He spent 300 days in hospital waiting for a heart transplant, but Mike Hanlon refused to give up hope that his life would be saved.

After a match was found, with very little time to spare, and he recovered from major surgery he went on to develop prostate cancer. Despite this Mr Hanlon remained positive, describing the disease as a mere “blip”.

But the indefatigable optimism the 61-year-old has shown throughout both his illnesses was finally put to the test after he contracted Covid-19.

He describes the experience as “torture” and says it took more of a toll on his body and mental health than either of his previous life-threatening illnesses.

Doctors told the married father-of-three that it is very likely he would have been fighting for his life in intensive care if he had not been vaccinated.

READ MORE: Scotland records more than 6000 new cases of Covid 

His kidney function dropped to half the normal level, he lost more than two stones in two weeks and his blood pressure plummeted. Five months on he is still experiencing symptoms.

“I wouldn’t wish what I’ve gone through on my worst enemy,” said Mr Hanlon, who lives in Glasgow with his wife Lillias.

“It was torture. It’s like the worst flu you have had. Every bit of you is sore and you have no energy whatsoever.

“It does really affect your mental health. At times, I was thinking to myself, ‘maybe I won’t wake up in the morning’.

"You start to have dark thoughts, but then I was thinking – you’ve beaten other things, don’t be silly, you’ll get there. But my God it was a hard process to go through.”

Mr Hanlon believes he contracted Covid at a hotel funeral wake in August.

He said: “It was downstairs with a low ceiling and they had jammed in about 120 people. 

READ MORE: Covid Scotland: Nicola Sturgeon told to drop school facemask rule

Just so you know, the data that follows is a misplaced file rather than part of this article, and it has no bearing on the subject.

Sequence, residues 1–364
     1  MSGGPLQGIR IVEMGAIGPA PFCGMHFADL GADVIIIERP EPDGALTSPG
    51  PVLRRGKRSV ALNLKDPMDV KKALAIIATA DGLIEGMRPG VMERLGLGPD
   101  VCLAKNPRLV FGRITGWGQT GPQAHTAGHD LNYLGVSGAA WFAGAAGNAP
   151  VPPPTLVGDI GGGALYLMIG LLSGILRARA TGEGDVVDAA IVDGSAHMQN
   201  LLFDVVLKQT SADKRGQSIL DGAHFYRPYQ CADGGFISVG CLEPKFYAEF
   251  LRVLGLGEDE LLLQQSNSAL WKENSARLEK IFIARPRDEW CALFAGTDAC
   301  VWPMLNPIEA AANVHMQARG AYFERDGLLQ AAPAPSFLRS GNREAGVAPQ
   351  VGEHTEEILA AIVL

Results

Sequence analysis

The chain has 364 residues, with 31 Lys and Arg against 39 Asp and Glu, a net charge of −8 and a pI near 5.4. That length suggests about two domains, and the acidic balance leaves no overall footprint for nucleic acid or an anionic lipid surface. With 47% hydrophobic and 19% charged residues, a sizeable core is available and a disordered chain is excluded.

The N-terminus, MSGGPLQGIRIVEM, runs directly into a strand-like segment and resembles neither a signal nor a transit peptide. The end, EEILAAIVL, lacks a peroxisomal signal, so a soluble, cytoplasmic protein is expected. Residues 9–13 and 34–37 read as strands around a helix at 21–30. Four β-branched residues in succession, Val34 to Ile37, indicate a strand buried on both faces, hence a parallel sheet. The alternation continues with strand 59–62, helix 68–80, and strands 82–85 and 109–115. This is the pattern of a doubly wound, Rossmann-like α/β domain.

“I was playing golf the next day and I didn’t feel very good. When I got back I did a lateral flow test and it was positive and I got a PCR the next day.

“I felt horrendous, I was sleeping about 10 hours a day and every part of my body was sore.

HeraldScotland:

“I would get up then feel tired and have to go back to bed again. Two weeks later I called NHS 24 and told them I felt even worse. 

“I went up to see my GP and he took bloods and my kidney function had dropped to half the normal level”

“He said he was really concerned about it and he was brilliant. He spoke to my consultant at the Golden Jubilee and was checking up on me every day.

Mr Hanlon had to stop taking his immunosuppressant transplant drugs because it was thought they might hamper his body’s ability to recover from Covid.  

READ MORE: What does it feel like to meet the mother of the man whose heart saved your life?

“It’s really just been a long process” he said. “I was really bad until the end of October. One day you feel not too bad and then the next day you are terrible again.

"I’m still not right and generally have to go for a sleep in the afternoon.

“They’ve not told me it’s long Covid but it probably is. My taste and smell has still not returned to what it was before.”

HeraldScotland:

(Mike Hanlon with Jacquie Pedley, who gave consent for her son Ben's heart to be donated after he died in a cycling accident)

Mr Hanlon, who works part-time at the American Golf store in Clydebank, fronted the Scottish Government’s opt-out organ donation law change after receiving a heart transplant in 2017. 

He is grateful that his heart was unaffected by Covid and is functioning well while his kidney function has returned to normal.

“The doctors said if I had not been vaccinated – guaranteed I would have ended up in ICU,” said Mr Hanlon.

He says he can’t understand why anyone would refuse a vaccine but admits the refusers include his own son. He said: “I’ve said to him, I would probably have died if I hadn’t had it. But that’s his decision.” 

He said the family are planning an 18-day holiday to Spain in March and hopes the lure of a sunny trip will persuade him.

Despite the ordeal of Covid, he said there was a positive aspect (“I lost two-and-a-half stone in two weeks”) and says the fear of a repeat infection won’t stop him living his life.

“They way I was after I got my heart transplant was that every day is for living.

"There are some people with a heart transplant who wrap themselves in cotton wool but I’m like, ‘You got this heart for a reason.’

“Why would you become a recluse.”